Ocean bottom deposit collection
The Museum’s ocean bottom deposit collection consists of samples from about 40,000 locations around the world and is the most comprehensive British collection of seabed samples and cores.
The Museum collections house ocean bottom deposits from all the world's oceans. Approximately 45 per cent of the deposits are from the Atlantic Ocean, 35 per cent are from the Pacific Ocean and 25 per cent are from the Indian Ocean.
The ocean bottom deposit collection is invaluable for studies of the ocean and ocean floor, including research looking at global change, climatic warming and marine pollution.
The most important sub- collection is the Sir John Murray Collection, which includes sea-bed samples from the HMS Challenger expedition (1872-76). It was given to the Museum by the Murray family in 1921 following his death in 1914.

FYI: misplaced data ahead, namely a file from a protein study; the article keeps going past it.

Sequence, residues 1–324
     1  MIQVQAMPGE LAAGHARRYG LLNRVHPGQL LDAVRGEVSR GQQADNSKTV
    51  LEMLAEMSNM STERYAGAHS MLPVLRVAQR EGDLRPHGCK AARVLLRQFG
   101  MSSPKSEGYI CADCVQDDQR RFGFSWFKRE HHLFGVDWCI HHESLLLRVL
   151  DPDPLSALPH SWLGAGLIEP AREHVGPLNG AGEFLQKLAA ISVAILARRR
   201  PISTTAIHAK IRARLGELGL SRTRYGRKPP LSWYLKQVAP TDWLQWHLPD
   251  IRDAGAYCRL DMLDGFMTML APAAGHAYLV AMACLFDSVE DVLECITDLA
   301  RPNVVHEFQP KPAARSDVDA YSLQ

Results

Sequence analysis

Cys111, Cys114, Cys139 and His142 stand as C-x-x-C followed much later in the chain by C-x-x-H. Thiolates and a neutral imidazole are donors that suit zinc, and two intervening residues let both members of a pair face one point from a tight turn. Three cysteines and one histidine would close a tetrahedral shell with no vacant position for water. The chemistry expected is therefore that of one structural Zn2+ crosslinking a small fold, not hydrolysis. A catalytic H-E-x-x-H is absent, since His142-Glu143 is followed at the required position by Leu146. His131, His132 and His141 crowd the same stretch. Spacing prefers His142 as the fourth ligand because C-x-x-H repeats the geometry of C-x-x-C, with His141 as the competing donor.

Other important sub-collections include:
- ores and sediments from the 1933-34 John Murray expedition to the Indian Ocean
- the Dennis Curry Collection of sediments and cores from the English Channel
- the Institute of Oceanographic Sciences Collection of British continental shelf deposit
- the Imperial College Collection of cores and sediments from the eastern Mediterranean
We have set out on an ambitious programme to develop a new science and digitisation centre at Harwell Campus in Oxfordshire by 2026. As we prepare for the move, access to some collections will be affected.
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